Vegan vegan plants plants… Yeah yeah… But, playing Devil’s advocate, why should I value animals more than plants? Because, eating plants is not the same as eating animals, and here’s why:
Value Animals: Animals Feel Pain
As we mentioned in a previous article, though some animals are meant to consume other animals for food (carnivores and omnivores), humans are not. We are biologically herbivores, or more appropriately, frugivores. Aside from the fact that biologically we are meant to consume plants, the morality behind consuming plants versus animals can be simplified by stating that animals feel pain, while plants do not. In addition, morally, all animals can and should consume whatever their bodies are designed to consume. This makes their food source ethical, as it is their intended sustenance.
Value Animals: Plants Lack a Complex Nervous System
Some might argue that plants definitely have perception, as they appear to grow better when classical music is played, and grow toward the sunlight no matter how a pot is placed. However, the fact of the matter is that plants lack a complex nervous system, which is positively a requirement in the ability to feel pain.
Value Animals: Fishing
To simplify this concept even further, imagine this scenario. You are spending the day fishing on your uncle’s boat. The sun is shining, and the fish are biting. You catch a huge bass and reel it in, then remove the hook. Is it bleeding? You toss the fish into your bucket. Is it writhing? Is it struggling to get out? The answers to each of these questions is an emphatic yes! The fish may not be as aware of danger as, say, a human or even a dog would be, but it is aware that it is not supposed to be out of the water, it can feel the pain of the hook in its mouth because fish do have nervous systems, and it is trying to survive.
Value Animals: Gardening
Now imagine this scenario. You have a gorgeous garden in your backyard. You decide that you’d like to make a pasta primavera for dinner, so you head outside to select some vegetables. Walking toward your garden, bucket in hand, you reach down and begin picking tomatoes, zucchini, basil, and perhaps even some lettuce for a salad. Do the vegetables writhe in pain in your bucket? Did they struggle and attempt to get away from your hand as you went to pick each item? Obviously the answer to this question is no, and it probably made you chuckle a bit at the thought of vegetables feeling pain or fear. Vegetables don’t have brains. They don’t have nervous systems. Therefore, harvesting vegetables is quite different than raising and slaughtering animals for food.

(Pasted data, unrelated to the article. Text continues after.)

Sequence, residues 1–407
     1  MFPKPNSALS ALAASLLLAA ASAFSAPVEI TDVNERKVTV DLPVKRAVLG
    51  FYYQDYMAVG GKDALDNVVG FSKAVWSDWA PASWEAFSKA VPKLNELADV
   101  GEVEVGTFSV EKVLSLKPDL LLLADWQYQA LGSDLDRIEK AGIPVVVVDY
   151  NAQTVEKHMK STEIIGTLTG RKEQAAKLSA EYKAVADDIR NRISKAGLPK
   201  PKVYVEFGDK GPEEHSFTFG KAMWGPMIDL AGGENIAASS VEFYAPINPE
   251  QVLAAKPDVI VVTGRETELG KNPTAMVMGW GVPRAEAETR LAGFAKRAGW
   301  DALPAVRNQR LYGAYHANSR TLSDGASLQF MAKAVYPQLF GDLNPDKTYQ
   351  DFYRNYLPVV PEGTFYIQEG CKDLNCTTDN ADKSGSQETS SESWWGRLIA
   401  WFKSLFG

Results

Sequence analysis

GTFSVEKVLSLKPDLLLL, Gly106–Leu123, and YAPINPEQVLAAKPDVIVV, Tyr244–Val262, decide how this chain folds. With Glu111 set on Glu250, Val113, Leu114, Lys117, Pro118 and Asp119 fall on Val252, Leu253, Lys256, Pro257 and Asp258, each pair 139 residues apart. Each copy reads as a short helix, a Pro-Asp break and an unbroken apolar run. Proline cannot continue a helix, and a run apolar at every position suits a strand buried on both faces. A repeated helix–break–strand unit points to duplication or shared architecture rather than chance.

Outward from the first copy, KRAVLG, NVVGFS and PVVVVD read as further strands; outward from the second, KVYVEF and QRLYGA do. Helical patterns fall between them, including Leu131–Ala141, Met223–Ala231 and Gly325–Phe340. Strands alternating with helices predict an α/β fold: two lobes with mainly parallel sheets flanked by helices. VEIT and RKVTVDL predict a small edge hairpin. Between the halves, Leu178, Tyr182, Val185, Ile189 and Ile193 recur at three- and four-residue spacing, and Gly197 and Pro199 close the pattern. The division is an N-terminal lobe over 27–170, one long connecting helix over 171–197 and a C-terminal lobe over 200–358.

Value Animals: Morals
Going back to the issue of morality, none of this information about plants lack of ability to feel pain would morally make a difference, if plants were not our intended food source. People eating plants is no less moral than a bear eating fish. Fish are what a bear is designed to eat. Plants are what humans are designed to eat. Therefore, eating animals, because it goes against human biology, is immoral. However, in spite of the fact that fish feels pain, it is, however, moral for a bear to consume fish. In addition, the way in which human beings breed, raise, and treat livestock (as commodities, not as animals) is highly unethical and illogical, as well as a waste of natural resources.
Value Animals: Intended Diet
Animals that are meant to consume other animals do not need anything to hunt them besides their bodies, and they certainly do not raise animals for food. When they are hungry, they go out and they hunt. They do not need to use their brains to build a gun and then point and shoot it. They use their brains to stalk, hunt, kill, and eat – all using what was biologically given to them. Humans can do the same when we consume our intended diet. We need nothing extra to go out and pick an apple when we are hungry.
Value Animals: In Conclusion
Any animal is doing the ethical thing when they consume their intended diet. The sooner human beings realize that our bodies are not designed to consume animal proteins, the better our bodies will function. We must examine the morality of breeding, housing, and feeding animals for the sole purpose of killing them in the end. This is not the circle of life. This is not nature. The sooner we do return to the natural order of things, the sooner the earth will return to this state as well.